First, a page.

It is of course in the discretion of each LED maker to answer this question in view of the product portfolio offered and the markets/regions addressed. However, OSRAM can state the following: Many participants in OSRAM’s white LED license program (see questions 1 to 5) have chosen to also participate in the so-called B.O.S.E. license program relating to the application of Barium Ortho-Silicate Europium (B.O.S.E.) phosphor in LED packages. We assume that these companies decided to participate in both programs because they came to the conclusion that one license is not sufficient in view of their product portfolio which would make use of the B.O.S.E. patents as well as OSRAM’s core LED patents with a variety of different patent claims as explained above with respect to question 4.
Reportedly, also some mainland China LED makers have obtained licenses for the application of the B.O.S.E. phosphor. Some sources say that these mainland China LED makers are now free to enter the global marketplace with their white LED packages. What is OSRAM’s view?
Obtaining a so-called device license under the B.O.S.E.(see question 10) patents, and purchasing this phosphor from a qualified supplier, may resolve one IP issue, namely the B.O.S.E. patent issue. However, as explained in questions 6 to 8, there may be many more IP issues.
12. It is known in the industry that the five companies Nichia, OSRAM, Philips Lumileds, Cree and Toyoda Gosei have allowed each other to use certain LED patents. Could a third party resolve, for its own production and business, IP issues with these five companies “once for all” by obtaining a license from just one of them?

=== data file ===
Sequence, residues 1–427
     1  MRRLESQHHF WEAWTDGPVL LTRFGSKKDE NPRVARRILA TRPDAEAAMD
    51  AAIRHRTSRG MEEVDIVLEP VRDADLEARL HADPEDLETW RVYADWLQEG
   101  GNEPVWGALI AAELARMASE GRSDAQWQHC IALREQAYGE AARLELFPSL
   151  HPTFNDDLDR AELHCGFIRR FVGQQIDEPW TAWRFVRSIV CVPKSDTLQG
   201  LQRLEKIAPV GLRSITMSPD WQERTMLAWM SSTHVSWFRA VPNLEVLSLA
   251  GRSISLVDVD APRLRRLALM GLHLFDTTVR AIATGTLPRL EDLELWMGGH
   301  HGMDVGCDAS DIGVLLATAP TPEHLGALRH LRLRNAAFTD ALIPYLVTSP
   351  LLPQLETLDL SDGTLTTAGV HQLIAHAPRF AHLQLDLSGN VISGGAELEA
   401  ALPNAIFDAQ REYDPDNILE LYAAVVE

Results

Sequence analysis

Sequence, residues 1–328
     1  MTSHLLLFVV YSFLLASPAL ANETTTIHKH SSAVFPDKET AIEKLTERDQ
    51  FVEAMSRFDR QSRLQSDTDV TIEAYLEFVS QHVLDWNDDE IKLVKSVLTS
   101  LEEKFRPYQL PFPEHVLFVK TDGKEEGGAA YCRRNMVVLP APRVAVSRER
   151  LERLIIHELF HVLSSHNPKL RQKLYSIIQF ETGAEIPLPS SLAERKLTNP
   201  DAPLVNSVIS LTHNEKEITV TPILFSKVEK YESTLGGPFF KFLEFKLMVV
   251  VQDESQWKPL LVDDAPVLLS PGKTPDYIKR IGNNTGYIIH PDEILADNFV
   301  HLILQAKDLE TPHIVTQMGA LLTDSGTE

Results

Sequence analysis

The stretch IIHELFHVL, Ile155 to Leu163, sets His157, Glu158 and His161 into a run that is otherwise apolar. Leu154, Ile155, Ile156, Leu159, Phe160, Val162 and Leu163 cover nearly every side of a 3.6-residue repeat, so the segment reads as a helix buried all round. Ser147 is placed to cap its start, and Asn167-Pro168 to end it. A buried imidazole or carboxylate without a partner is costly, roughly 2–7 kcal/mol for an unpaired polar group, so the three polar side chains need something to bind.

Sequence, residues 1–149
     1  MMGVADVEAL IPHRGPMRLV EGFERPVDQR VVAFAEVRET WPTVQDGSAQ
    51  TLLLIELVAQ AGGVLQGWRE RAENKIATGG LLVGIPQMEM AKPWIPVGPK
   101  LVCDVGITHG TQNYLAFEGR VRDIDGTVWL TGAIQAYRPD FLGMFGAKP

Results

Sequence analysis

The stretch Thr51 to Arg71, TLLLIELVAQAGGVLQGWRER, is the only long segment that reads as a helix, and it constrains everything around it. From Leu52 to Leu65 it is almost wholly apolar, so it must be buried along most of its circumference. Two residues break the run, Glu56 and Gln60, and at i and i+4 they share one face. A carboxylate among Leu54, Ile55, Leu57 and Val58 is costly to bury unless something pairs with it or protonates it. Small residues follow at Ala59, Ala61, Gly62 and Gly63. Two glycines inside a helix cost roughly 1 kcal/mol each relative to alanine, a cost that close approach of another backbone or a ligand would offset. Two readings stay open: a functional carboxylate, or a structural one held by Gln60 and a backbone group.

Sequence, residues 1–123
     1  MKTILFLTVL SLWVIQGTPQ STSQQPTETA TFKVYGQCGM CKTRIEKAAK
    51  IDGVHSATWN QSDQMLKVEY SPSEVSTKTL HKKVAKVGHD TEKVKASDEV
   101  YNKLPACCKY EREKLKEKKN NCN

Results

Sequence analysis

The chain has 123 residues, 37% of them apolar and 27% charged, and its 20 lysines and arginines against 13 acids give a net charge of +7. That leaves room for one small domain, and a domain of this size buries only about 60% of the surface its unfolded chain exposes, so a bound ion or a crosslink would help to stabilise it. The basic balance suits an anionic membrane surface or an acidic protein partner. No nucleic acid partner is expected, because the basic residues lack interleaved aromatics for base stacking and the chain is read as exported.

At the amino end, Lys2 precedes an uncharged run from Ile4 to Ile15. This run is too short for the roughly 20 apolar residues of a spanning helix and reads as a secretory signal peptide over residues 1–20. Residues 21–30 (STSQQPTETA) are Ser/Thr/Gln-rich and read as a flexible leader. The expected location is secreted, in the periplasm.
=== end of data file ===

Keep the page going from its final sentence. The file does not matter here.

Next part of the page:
It is known in the industry that the five companies Nichia, OSRAM, Philips Lumileds, Cree and Toyoda Gosei have allowed each other to use certain LED patents. Could a third party resolve, for its own production and business, IP issues with these five companies “once for all” by obtaining a license from just one of them?
Indeed, these five companies have entered into mutual IP agreements. However, the rights granted to the respective other party only relate to the other party’s production and business, and cannot be further sublicensed to a third party for its own production and business.
Will the LED IP landscape change completely in 2018?
Will the current picture of the LED IP landscape change completely in 2018 upon expiration of some basic LED patents in 2017?
Indeed, some basic LED patents will expire in 2017. However, the number of basic LED patents to expire until the end of the year 2017 is a low three digit number. There are thousands of patents already now on each level of the value chain from epitaxy and chip to package and module technologies. Most of these patents will survive the year 2017. Also, OSRAM is not aware of any significant decline in LED R&D or patent spending. Therefore, OSRAM would not expect the overall number of LED patents in force to decrease over the years to come.
LED technology has been developing and will continue to develop in various directions and hot spots. It can already be seen that the IP portfolios follow suit. Depending on the market success of the different technology hot spots, OSRAM expects new IP hot spots to appear.